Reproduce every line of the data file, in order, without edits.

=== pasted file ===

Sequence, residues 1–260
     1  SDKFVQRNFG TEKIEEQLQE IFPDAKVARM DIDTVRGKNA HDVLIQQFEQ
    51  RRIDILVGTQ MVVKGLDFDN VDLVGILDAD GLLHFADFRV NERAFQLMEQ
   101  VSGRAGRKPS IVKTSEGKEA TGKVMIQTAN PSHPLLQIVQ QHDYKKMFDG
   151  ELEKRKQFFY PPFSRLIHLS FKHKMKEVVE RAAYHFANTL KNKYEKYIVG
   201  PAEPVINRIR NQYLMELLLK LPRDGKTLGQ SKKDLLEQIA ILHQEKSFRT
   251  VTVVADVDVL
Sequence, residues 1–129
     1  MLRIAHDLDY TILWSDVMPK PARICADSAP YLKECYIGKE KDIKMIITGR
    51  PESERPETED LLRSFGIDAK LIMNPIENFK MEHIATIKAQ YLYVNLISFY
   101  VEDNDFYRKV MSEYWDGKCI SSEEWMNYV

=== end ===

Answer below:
Sequence, residues 1–260
     1  SDKFVQRNFG TEKIEEQLQE IFPDAKVARM DIDTVRGKNA HDVLIQQFEQ
    51  RRIDILVGTQ MVVKGLDFDN VDLVGILDAD GLLHFADFRV NERAFQLMEQ
   101  VSGRAGRKPS IVKTSEGKEA TGKVMIQTAN PSHPLLQIVQ QHDYKKMFDG
   151  ELEKRKQFFY PPFSRLIHLS FKHKMKEVVE RAAYHFANTL KNKYEKYIVG
   201  PAEPVINRIR NQYLMELLLK LPRDGKTLGQ SKKDLLEQIA ILHQEKSFRT
   251  VTVVADVDVL
Sequence, residues 1–129
     1  MLRIAHDLDY TILWSDVMPK PARICADSAP YLKECYIGKE KDIKMIITGR
    51  PESERPETED LLRSFGIDAK LIMNPIENFK MEHIATIKAQ YLYVNLISFY
   101  VEDNDFYRKV MSEYWDGKCI SSEEWMNYV